“Mr Geithner said that his confidence in the US dollar was shared by Beijing. ‘I believe the Chinese expect the dollar to be the principal reserve currency for a long period of time, as do we,’ he said.

“Mr Geithner said the two countries had already demonstrated they could co-operate in laying a foundation for economic recovery. ‘I think probably because of the actions put in place by your government and by President Obama, we are starting to see some early signs of stabilisation and recovery in the global economy,’ he said in a meeting with Hu Jintao, China’s president.

“Mr Hu said the visit by Mr Geithner, who irritated Beijing when he said during his confirmation hearing that China ‘manipulated’ its currency, had helped improve co-operation between the two countries.”

Source: Kathrin Hille, Financial Times, June 2, 2009.

Financial Times: US dollar backed as reserve currency

“A leading Chinese financial official on Monday rejected suggestions the US dollar could be replaced quickly as the global reserve currency, as US Treasury secretary Tim Geithner arrived in China on his first official visit.

“‘In the short term I don’t think we can find another currency to replace the US dollar,’ said Guo Shuqing, chairman of China Construction Bank and former head of the country’s foreign exchange administrator. ‘The US dollar is the main currency because their economy is number one in terms of competitiveness, in terms of innovation.’

“Speaking in an interview with the Financial Times, Mr Guo also raised doubts about a proposal from China’s central bank governor, Zhou Xiaochuan, to replace the dollar with a ’super-sovereign reserve currency’ based on special drawing rights issued by the International Monetary Fund.

“‘We’ve had SDRs for many years but everybody knows they don’t work so well,’ said Mr Guo. ‘People worry about US dollars very much because of the imbalances in the current account but that has been the case for many years - they have had a deficit in the current account since the very beginning of the 1970s.’

“The bulk of China’s total international investment position is held in US dollar assets and only 6% is in the form of direct investment.

“Fears that US moves to tackle the recession could undermine the value of the dollar have led to calls from senior Chinese officials, including Mr Zhou, for more conservative fiscal policy and suggestions that the dollar be replaced as the world’s reserve currency.”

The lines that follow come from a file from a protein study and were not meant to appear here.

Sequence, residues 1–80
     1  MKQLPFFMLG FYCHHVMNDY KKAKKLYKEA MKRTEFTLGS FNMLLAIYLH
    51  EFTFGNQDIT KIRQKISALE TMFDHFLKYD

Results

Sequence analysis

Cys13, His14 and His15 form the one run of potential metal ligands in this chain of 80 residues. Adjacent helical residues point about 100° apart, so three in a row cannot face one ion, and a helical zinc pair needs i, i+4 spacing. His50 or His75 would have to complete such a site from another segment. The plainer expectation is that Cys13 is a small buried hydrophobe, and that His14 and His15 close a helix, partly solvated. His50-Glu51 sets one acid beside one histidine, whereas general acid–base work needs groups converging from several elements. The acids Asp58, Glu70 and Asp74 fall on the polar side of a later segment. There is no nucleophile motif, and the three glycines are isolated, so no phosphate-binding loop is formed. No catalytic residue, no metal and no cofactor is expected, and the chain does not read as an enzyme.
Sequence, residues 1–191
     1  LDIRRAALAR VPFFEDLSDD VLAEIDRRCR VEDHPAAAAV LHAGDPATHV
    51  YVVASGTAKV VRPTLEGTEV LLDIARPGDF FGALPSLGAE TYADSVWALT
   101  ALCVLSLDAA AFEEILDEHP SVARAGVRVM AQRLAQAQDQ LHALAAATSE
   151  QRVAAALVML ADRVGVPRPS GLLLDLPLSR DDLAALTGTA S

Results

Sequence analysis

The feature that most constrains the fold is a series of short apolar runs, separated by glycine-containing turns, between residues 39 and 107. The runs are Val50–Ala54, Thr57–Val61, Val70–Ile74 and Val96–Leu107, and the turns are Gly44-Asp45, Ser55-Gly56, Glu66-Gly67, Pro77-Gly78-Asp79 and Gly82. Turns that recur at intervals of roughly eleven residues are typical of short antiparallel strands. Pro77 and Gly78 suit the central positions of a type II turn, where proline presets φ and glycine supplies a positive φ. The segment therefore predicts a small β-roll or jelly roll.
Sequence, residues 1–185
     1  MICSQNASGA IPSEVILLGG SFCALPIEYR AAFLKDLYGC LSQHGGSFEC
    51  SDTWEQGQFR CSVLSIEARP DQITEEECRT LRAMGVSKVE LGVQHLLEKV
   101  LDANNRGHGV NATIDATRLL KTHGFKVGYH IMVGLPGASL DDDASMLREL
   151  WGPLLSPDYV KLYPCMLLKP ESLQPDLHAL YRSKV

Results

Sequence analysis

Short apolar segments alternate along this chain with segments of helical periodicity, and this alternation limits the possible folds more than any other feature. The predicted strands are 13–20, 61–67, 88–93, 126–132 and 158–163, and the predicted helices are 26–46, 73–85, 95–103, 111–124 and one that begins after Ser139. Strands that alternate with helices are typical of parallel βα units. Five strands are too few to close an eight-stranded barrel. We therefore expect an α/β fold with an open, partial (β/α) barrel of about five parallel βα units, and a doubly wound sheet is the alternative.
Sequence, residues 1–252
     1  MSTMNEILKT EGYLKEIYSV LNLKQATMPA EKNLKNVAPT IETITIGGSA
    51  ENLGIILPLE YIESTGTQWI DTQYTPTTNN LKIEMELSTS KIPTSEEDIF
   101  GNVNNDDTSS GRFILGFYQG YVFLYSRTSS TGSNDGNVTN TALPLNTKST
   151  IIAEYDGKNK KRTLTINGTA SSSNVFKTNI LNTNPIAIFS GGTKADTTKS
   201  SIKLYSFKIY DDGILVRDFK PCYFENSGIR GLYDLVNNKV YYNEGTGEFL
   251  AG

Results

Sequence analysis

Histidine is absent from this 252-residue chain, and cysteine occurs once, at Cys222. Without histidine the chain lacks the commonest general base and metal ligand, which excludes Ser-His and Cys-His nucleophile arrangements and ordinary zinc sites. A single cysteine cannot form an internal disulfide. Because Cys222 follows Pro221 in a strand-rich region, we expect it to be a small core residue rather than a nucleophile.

Source: Lionel Barber, Martin Wolf, Jamil Anderlini and Kathrin Hille, Financial Times, June 1, 2009.

By Dr Prieur du Plessis

Dr Prieur du Plessis is an investment professional with 25 years' experience in investment research and portfolio management.

More than 1200 of his articles on investment-related topics have been published in various regular newspaper, journal and Internet columns (including his blog, Investment Postcards from Cape Town : ). He has also published a book, Financial Basics: Investment.

Prieur is chairman and principal shareholder of South African-based Plexus Asset Management , which he founded in 1995. The group conducts investment management, investment consulting, private equity and real estate activities in South Africa and other African countries.

Plexus is the South African partner of John Mauldin , Dallas-based author of the popular Thoughts from the Frontline newsletter, and also has an exclusive licensing agreement with California-based Research Affiliates for managing and distributing its enhanced Fundamental Index™ methodology in the Pan-African area.

Prieur is 53 years old and live with his wife, television producer and presenter Isabel Verwey, and two children in Cape Town , South Africa . His leisure activities include long-distance running, traveling, reading and motor-cycling.

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Disclaimer: The above is a matter of opinion and is not intended as investment advice. Information and analysis above are derived from sources and utilizing methods believed reliable, but we cannot accept responsibility for any trading losses you may incur as a result of this analysis. Do your own due diligence.